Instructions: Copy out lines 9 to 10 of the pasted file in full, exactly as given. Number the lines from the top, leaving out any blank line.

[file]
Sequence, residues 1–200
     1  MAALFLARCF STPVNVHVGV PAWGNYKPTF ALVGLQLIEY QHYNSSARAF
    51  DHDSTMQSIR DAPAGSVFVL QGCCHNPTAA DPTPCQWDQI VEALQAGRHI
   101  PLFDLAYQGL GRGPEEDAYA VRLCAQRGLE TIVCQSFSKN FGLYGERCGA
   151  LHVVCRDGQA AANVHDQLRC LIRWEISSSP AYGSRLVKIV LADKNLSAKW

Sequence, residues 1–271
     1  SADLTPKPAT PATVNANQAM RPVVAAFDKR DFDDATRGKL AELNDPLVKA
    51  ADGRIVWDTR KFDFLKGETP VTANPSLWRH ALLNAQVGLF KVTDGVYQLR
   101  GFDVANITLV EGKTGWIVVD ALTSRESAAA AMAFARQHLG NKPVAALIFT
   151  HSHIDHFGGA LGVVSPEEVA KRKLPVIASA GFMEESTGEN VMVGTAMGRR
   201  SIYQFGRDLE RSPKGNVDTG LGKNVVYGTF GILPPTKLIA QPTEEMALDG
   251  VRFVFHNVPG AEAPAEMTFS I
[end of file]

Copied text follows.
   101  GFDVANITLV EGKTGWIVVD ALTSRESAAA AMAFARQHLG NKPVAALIFT
   151  HSHIDHFGGA LGVVSPEEVA KRKLPVIASA GFMEESTGEN VMVGTAMGRR